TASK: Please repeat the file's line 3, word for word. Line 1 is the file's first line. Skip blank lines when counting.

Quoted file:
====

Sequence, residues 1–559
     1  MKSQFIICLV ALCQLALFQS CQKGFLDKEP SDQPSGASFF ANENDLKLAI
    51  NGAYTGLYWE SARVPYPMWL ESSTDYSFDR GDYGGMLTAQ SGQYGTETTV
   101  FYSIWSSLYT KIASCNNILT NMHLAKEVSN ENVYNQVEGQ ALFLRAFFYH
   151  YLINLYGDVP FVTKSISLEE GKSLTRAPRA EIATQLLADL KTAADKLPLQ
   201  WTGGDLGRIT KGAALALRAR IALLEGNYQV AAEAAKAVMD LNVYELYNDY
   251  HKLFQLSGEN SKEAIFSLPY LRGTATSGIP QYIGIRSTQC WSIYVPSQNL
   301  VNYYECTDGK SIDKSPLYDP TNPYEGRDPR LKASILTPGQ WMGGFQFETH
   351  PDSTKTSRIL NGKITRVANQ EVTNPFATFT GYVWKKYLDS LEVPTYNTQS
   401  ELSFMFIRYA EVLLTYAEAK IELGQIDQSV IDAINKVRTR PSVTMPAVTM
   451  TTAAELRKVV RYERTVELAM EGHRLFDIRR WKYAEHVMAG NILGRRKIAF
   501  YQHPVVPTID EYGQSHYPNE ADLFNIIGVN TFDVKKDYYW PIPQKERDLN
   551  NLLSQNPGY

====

    51  NGAYTGLYWE SARVPYPMWL ESSTDYSFDR GDYGGMLTAQ SGQYGTETTV